My wife now has serious range anxiety, so we probably won't ever be able to take it on a road trip again. I'm still impressed though, but definitely need a bigger battery if we attempt another short trip like this one. Driving 2 hours just to have to stop for an hour to charge is no good.
     
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  7. bmah

    bmah Obscure Member

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    If you aren't familiar with it, you should learn how to use the trip planner's energy graph. Basically, with a destination input into the navigation system (such as your next charging stop), tap the icon (top center?) on the CID that looks like a graph, then tap the tab that says "Trip". That shows your projected energy usage from your current location to the navigation destination (in gray), and how your actual usage compares to that (in green/yellow/red). I've found it to be pretty accurate. If you think you're not going to make it to your destination (or if you want more energy reserves left when you get there), that graph should point it out to you early enough for you to take some corrective action. (The easiest thing to do is slow down BTW.)

    I'd say try this out on some shorter trips (maybe by yourself?) to get the hang of it. Once you've got some confidence in it, you can explain what's going on to your wife, so she can see how close (or not) you're getting to the bottom of the battery. (In my wife's case she likes having extra energy reserves so she can drive faster, but that's another story.)

    Another tactic that some drivers (including myself) do is to have energy expressed in percentages, not in terms of rated miles. The rated miles can trick you a bit into thinking that you only need X number of rated miles to travel X miles of distance, which as you've discovered isn't always true. The percentage is what's used on the trip planner's energy graph.

    Bruce.
     
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  8. kort677

    kort677 Active Member

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    arriving with 6% isn't a big issue. you need to slow down a bit if you are concerned about making the next SpC, bringing down just a few mph will easily save you another 2% of range. I don't know if you factored in weather conditions, headwinds will take a big hit on range and if it is raining you'll lose some range as well. I am assuming you stayed in FLA so you probably didn't use the heater, but using the heater carries a range penalty as well. One trick many of us use is drafting bigger vehicles, even drafting a big SUV will get you a little more range. As noted the planner in the car works well but discount the initial readings because they aren't accurate, you can force a recalc by canceling the nav and then reenter the trip after 15 minutes of driving.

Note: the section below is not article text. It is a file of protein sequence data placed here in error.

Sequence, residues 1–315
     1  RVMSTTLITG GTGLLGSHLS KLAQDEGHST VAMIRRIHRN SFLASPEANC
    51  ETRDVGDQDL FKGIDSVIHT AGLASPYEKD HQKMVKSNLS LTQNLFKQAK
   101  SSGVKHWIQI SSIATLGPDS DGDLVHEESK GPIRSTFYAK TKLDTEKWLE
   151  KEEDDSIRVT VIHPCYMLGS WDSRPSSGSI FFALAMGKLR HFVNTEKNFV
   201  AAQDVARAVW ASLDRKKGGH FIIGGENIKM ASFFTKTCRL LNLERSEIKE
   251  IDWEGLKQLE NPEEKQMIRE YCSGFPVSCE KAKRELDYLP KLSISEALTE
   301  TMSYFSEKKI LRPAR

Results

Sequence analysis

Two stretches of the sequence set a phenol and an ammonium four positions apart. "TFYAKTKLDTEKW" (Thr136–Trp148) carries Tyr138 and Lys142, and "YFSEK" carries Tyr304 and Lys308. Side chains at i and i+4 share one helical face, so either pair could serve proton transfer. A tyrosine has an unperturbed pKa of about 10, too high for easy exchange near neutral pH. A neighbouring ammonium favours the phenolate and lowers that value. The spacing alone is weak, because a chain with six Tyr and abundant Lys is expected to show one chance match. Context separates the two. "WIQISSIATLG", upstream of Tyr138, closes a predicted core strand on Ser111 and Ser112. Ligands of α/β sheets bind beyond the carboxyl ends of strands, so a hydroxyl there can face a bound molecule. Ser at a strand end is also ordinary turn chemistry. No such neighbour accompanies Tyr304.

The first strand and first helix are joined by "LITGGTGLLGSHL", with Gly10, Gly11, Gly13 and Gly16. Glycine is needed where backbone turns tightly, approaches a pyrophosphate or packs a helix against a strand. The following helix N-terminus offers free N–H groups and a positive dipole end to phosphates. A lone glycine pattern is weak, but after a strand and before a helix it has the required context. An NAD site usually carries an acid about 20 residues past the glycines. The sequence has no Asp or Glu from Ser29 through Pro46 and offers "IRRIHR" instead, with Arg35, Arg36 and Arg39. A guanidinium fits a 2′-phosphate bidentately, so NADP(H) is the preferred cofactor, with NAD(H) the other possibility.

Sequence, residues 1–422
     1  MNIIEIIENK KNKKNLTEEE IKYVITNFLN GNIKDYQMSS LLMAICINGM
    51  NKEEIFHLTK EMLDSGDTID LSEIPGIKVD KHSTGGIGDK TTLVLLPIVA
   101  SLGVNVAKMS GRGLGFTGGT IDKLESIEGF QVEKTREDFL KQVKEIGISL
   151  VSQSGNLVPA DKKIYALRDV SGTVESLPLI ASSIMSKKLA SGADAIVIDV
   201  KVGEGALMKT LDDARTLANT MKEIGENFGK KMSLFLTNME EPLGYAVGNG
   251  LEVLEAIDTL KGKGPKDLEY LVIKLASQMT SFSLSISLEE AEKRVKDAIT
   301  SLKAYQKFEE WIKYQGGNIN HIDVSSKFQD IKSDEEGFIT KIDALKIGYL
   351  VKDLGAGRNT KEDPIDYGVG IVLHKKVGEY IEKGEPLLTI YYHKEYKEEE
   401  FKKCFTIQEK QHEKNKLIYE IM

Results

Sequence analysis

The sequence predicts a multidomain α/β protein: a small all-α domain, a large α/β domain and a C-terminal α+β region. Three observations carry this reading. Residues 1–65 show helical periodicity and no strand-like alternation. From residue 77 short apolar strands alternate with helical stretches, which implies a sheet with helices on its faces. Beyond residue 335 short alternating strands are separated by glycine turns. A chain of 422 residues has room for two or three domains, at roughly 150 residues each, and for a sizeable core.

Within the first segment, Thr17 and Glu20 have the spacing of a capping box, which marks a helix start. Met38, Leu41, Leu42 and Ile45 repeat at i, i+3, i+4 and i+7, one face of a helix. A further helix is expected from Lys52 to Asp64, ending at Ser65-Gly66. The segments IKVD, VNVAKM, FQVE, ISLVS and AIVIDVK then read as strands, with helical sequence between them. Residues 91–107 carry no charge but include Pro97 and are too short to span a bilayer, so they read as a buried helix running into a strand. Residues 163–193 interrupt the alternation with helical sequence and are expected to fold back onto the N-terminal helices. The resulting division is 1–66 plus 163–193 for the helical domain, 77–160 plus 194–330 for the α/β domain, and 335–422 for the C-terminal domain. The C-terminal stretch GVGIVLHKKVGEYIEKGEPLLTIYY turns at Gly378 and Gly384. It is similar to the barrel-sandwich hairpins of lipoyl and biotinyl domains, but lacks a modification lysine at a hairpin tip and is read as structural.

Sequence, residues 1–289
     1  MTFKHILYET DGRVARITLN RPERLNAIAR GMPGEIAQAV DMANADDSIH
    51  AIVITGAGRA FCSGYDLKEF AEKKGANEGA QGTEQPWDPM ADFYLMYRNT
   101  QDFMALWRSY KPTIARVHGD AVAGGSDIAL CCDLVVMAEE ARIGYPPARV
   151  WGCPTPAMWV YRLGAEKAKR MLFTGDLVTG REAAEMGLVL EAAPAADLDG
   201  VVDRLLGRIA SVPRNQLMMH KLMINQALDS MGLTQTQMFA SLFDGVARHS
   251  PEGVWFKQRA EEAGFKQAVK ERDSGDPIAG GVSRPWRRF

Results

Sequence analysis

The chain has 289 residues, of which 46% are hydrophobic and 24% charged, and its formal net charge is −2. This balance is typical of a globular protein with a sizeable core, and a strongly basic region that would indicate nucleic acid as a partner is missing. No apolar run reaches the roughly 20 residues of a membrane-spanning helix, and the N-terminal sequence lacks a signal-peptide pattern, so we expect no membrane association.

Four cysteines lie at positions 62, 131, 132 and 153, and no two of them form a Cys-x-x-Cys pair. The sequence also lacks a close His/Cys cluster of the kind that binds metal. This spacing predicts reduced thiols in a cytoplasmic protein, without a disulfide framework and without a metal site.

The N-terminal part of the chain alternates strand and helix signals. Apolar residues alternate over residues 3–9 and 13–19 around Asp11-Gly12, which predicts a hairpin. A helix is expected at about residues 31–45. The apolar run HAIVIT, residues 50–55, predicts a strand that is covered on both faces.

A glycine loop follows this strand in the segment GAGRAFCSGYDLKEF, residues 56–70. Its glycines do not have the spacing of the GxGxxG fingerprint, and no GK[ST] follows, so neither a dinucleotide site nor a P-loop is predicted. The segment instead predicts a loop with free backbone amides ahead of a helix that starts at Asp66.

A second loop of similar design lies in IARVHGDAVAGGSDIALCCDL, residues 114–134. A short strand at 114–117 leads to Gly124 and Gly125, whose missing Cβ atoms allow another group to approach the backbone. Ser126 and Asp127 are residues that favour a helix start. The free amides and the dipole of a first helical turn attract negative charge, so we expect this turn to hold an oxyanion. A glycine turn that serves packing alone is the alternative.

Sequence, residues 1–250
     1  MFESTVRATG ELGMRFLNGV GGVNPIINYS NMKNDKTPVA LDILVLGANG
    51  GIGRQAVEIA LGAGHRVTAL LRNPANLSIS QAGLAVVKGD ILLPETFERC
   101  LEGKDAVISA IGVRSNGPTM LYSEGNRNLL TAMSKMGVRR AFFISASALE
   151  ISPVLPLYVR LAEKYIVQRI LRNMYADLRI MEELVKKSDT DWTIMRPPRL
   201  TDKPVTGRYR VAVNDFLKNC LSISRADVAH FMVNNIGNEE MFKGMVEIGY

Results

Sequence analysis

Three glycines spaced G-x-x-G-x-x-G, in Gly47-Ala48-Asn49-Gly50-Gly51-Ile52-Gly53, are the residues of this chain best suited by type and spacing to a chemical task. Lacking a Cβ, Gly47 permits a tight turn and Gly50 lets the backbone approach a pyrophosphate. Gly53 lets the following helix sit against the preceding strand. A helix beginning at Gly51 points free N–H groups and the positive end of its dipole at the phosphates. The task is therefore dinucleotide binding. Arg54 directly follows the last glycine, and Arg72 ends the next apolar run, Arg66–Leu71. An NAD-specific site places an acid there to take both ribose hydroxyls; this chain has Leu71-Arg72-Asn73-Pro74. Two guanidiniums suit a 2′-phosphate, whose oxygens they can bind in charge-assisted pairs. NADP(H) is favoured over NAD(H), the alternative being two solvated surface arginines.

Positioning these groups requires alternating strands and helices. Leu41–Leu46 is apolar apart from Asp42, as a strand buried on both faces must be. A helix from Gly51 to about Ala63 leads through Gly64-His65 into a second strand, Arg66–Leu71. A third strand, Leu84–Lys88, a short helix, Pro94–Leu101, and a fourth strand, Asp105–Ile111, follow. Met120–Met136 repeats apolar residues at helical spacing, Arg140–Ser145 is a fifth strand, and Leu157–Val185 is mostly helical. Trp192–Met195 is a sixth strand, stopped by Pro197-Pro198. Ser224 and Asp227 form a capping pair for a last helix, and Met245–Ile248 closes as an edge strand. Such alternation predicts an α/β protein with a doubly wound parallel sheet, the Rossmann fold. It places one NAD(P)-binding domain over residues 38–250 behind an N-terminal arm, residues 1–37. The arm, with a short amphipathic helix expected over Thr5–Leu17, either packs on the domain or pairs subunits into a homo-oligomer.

9. Qbenjamin

    Qbenjamin Ballin On A Budget

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    Appreciate the advice, but I probably won't take it on another road trip regardless. If the posted speed limit is 70, I'm going to do at least that speed. Not that big of a deal, but hopefully others will see this and not expect to get the rated miles like I thought on a long distance trip in the southern states where the speed limits are much higher than the north (I'm from Chicago, and the highest speed limits I remember seeing in IL was 60).
     
  10. bmah

    bmah Obscure Member

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    OP: Fair enough. Driving an EV on a long road trip takes a slightly different mindset than taking an ICE (or hybrid) car, and it requires some changes that you might not be able to make, or might not be willing to make. The point of my post (and others) is I think to make sure you really know the resources and options available to you, so you can have a better experience in the future.